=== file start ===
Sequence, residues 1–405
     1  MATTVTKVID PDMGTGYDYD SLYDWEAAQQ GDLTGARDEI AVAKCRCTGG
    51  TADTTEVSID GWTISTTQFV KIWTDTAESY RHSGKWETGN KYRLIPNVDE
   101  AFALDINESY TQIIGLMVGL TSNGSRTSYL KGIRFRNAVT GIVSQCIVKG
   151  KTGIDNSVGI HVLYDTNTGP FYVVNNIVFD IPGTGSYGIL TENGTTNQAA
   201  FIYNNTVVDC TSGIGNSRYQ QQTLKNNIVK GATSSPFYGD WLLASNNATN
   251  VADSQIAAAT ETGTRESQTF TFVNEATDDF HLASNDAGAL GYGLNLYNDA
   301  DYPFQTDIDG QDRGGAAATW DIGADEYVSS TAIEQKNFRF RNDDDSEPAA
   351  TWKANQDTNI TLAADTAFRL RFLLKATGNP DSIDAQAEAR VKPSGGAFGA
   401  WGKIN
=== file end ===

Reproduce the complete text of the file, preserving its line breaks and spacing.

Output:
Sequence, residues 1–405
     1  MATTVTKVID PDMGTGYDYD SLYDWEAAQQ GDLTGARDEI AVAKCRCTGG
    51  TADTTEVSID GWTISTTQFV KIWTDTAESY RHSGKWETGN KYRLIPNVDE
   101  AFALDINESY TQIIGLMVGL TSNGSRTSYL KGIRFRNAVT GIVSQCIVKG
   151  KTGIDNSVGI HVLYDTNTGP FYVVNNIVFD IPGTGSYGIL TENGTTNQAA
   201  FIYNNTVVDC TSGIGNSRYQ QQTLKNNIVK GATSSPFYGD WLLASNNATN
   251  VADSQIAAAT ETGTRESQTF TFVNEATDDF HLASNDAGAL GYGLNLYNDA
   301  DYPFQTDIDG QDRGGAAATW DIGADEYVSS TAIEQKNFRF RNDDDSEPAA
   351  TWKANQDTNI TLAADTAFRL RFLLKATGNP DSIDAQAEAR VKPSGGAFGA
   401  WGKIN